Volume 10, Issue 2
  • ISSN 1874-8767
  • E-ISSN: 1874-8775
Buy:$35.00 + Taxes


Absolute quantifiers (e.g. ) have adjectival uses, but when initial they function as grounding elements: like demonstratives, articles, and relative quantifiers (e.g. ), they indicate the epistemic status of the nominal referent. This ambivalence is due to their being intermediate, having semantic affinities with both categories but being marginal with respect to each. The dual role of absolute quantifiers is readily described in Cognitive Grammar, given its dynamic view of meaning as consisting in semantic functions (interactive tasks to be fulfilled). These functions belong to the symbolic assemblies constituting language structure; they are fundamental, the role of lexicon and grammar being to effect their implementation. More schematic functions –such as grounding –are independent of any particular implementation. In the absence of a dedicated grounding element, absolute quantifiers assume that function through a conventional pattern of implicit functional augmentation (a common type of construction).


Article metrics loading...

Loading full text...

Full text loading...


  1. Coates, Richard
    2006 Properhood. Language82: 356–382. doi: 10.1353/lan.2006.0084
    https://doi.org/10.1353/lan.2006.0084 [Google Scholar]
  2. Culicover, Peter W. & Ray Jackendoff
    2012 Same-except: A domain-general cognitive relation and how language expresses it. Language88: 305–340. doi: 10.1353/lan.2012.0031
    https://doi.org/10.1353/lan.2012.0031 [Google Scholar]
  3. Davidse, Kristin
    2004 The interaction of quantification and identification in English determiners. InLanguage, Culture and Mind, Michel Achard & Suzanne Kemmer (eds). Stanford: CSLI Publications, 507–533.
    [Google Scholar]
  4. Dixon, R. M. W
    1977 Where have all the adjectives gone?Studies in Language1: 19–80. doi: 10.1075/sl.1.1.04dix
    https://doi.org/10.1075/sl.1.1.04dix [Google Scholar]
  5. Harder, Peter
    2010Meaning in Mind and Society: A Functional Contribution to the Social Turn in Cognitive Linguistics. Berlin and New York: De Gruyter Mouton. doi: 10.1515/9783110216059
    https://doi.org/10.1515/9783110216059 [Google Scholar]
  6. Kirsner, Robert S.
    1993 From meaning to message in two theories: Cognitive and Saussurean views of the Modern Dutch demonstratives. InConceptualizations and Mental Processing in Language (Cognitive Linguistics Research 3), Richard A. Geiger & Brygida Rudzka-Ostyn (eds). Berlin and New York: Mouton de Gruyter, 81–114. doi: 10.1515/9783110857108.81
    https://doi.org/10.1515/9783110857108.81 [Google Scholar]
  7. Langacker, Ronald W.
    1991Foundations of Cognitive Grammar, vol. 2, Descriptive Application. Stanford: Stanford University Press.
    [Google Scholar]
  8. 1997 Constituency, dependency, and conceptual grouping. Cognitive Linguistics8: 1–32. doi: 10.1515/cogl.1997.8.1.1
    https://doi.org/10.1515/cogl.1997.8.1.1 [Google Scholar]
  9. 2004 Remarks on nominal grounding. Functions of Language11: 77–113. doi: 10.1075/fol.11.1.05lan
    https://doi.org/10.1075/fol.11.1.05lan [Google Scholar]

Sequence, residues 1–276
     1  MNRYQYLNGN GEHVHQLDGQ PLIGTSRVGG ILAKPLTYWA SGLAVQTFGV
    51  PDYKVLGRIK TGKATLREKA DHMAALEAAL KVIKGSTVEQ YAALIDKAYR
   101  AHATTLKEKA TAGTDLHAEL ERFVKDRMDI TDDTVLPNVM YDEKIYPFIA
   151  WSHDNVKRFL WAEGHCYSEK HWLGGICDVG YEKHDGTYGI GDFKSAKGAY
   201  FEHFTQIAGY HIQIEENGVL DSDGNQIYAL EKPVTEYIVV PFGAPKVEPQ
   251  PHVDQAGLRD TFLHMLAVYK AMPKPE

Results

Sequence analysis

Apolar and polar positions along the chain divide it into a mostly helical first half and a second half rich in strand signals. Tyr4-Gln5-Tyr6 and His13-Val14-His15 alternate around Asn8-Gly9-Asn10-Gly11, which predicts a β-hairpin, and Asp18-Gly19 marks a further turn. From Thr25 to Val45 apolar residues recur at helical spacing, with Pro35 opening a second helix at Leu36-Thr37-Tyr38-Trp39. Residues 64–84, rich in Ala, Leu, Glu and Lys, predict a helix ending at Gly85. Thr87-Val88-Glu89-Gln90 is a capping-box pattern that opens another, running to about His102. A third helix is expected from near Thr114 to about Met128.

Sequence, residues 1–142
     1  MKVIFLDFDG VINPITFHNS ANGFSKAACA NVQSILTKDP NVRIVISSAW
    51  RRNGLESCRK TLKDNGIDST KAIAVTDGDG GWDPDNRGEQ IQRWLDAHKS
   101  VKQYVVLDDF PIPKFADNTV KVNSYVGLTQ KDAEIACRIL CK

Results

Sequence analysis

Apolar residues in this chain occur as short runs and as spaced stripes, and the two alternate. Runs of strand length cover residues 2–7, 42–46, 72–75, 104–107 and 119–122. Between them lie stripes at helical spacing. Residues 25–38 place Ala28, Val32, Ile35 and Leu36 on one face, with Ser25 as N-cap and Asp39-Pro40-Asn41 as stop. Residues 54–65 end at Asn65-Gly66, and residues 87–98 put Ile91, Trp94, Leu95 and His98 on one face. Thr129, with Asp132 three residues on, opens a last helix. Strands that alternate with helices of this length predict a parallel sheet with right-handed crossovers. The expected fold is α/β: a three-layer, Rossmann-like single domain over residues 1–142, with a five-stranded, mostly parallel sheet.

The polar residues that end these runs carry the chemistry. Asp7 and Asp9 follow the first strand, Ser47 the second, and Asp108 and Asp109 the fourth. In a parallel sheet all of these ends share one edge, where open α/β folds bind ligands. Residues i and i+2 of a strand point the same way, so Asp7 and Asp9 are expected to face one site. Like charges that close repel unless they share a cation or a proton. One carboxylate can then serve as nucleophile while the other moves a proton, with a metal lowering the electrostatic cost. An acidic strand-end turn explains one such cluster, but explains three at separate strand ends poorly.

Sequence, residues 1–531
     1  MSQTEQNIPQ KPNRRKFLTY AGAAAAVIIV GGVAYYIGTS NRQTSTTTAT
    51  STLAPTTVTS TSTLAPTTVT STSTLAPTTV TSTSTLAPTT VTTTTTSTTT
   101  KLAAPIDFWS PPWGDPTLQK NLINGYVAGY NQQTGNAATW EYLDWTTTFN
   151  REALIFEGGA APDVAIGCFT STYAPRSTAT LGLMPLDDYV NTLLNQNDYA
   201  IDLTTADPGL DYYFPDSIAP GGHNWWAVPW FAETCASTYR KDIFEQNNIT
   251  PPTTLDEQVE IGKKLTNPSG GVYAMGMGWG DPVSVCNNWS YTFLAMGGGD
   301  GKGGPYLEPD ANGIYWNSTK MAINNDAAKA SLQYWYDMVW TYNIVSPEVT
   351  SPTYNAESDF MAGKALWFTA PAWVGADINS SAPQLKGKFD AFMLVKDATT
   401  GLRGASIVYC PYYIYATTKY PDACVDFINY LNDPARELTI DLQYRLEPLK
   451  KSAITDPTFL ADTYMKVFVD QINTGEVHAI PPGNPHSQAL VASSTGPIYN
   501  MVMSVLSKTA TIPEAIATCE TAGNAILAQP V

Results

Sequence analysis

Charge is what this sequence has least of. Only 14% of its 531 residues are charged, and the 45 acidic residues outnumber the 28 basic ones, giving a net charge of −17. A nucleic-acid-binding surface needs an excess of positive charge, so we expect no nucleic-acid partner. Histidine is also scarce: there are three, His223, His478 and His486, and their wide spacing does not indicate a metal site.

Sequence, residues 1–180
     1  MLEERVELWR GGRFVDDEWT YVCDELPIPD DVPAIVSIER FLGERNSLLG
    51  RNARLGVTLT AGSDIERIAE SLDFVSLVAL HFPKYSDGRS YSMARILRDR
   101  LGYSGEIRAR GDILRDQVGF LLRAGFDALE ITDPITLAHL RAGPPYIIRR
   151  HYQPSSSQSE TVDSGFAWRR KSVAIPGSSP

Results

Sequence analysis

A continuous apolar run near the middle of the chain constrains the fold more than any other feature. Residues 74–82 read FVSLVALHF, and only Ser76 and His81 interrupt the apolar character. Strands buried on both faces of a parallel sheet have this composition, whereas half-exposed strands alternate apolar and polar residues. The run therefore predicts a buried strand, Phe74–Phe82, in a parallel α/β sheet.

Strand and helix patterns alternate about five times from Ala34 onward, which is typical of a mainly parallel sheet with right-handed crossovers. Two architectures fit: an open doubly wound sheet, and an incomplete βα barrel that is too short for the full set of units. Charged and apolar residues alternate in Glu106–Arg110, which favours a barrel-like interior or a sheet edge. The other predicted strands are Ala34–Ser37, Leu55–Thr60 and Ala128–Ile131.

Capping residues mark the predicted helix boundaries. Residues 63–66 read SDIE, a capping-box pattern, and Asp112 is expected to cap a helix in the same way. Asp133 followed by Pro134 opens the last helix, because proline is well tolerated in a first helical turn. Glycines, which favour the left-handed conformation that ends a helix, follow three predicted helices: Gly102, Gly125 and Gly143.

10. 2005 Dynamicity, fictivity, and scanning: The imaginative basis of logic and linguistic meaning. InGrounding Cognition: The Role of Perception and Action in Memory, Language and Thinking, Diane Pecher & Rolf A. Zwaan (eds). Cambridge: Cambridge University Press, 164–197. doi: 10.1017/CBO9780511499968.008
    https://doi.org/10.1017/CBO9780511499968.008 [Google Scholar]
  11. 2008Cognitive Grammar: A Basic Introduction. New York: Oxford University Press. doi: 10.1093/acprof:oso/9780195331967.001.0001
    https://doi.org/10.1093/acprof:oso/9780195331967.001.0001 [Google Scholar]
  12. 2009Investigations in Cognitive Grammar. Berlin and New York: Mouton de Gruyter. doi: 10.1515/9783110214369
    https://doi.org/10.1515/9783110214369 [Google Scholar]
  13. 2012 Elliptic coordination. Cognitive Linguistics23: 555–599. doi: 10.1515/cog‑2012‑0017
    https://doi.org/10.1515/cog-2012-0017 [Google Scholar]
  14. 2013 The indefinite article in complex quantifiers. InLanguage and the Creative Mind, Mike Borkent , Barbara Dancygier & Jennifer Hinnell (eds). Stanford: CSLI Publications, 65–81.
    [Google Scholar]
  15. 2016a Nominal grounding and English quantifiers. Cognitive Linguistic Studies3: 1–31. doi: 10.1075/cogls.3.1.01lan
    https://doi.org/10.1075/cogls.3.1.01lan [Google Scholar]
  16. 2016b Baseline and elaboration. Cognitive Linguistics27: 405–439. doi: 10.1515/cog‑2015‑0126
    https://doi.org/10.1515/cog-2015-0126 [Google Scholar]
  17. 2016cNominal Structure in Cognitive Grammar: The Lublin Lectures. Lublin: Marie Curie-Skłodowska University Press.
    [Google Scholar]
  18. Nunberg, Geoffrey , Ivan A. Sag & Thomas Wasow
    1994 Idioms. Language70: 491–538. doi: 10.1353/lan.1994.0007
    https://doi.org/10.1353/lan.1994.0007 [Google Scholar]
  19. Osborne, Timothy & Thomas Gross
    2012 Constructions are catenae: Construction grammar meets dependency grammar. Cognitive Linguistics23: 165–216. doi: 10.1515/cog‑2012‑0006
    https://doi.org/10.1515/cog-2012-0006 [Google Scholar]
  • Article Type: Research Article
Keyword(s): epistemic control; identification; quantification; reference; universality
This is a required field
Please enter a valid email address
Approval was successful
Invalid data
An Error Occurred
Approval was partially successful, following selected items could not be processed due to error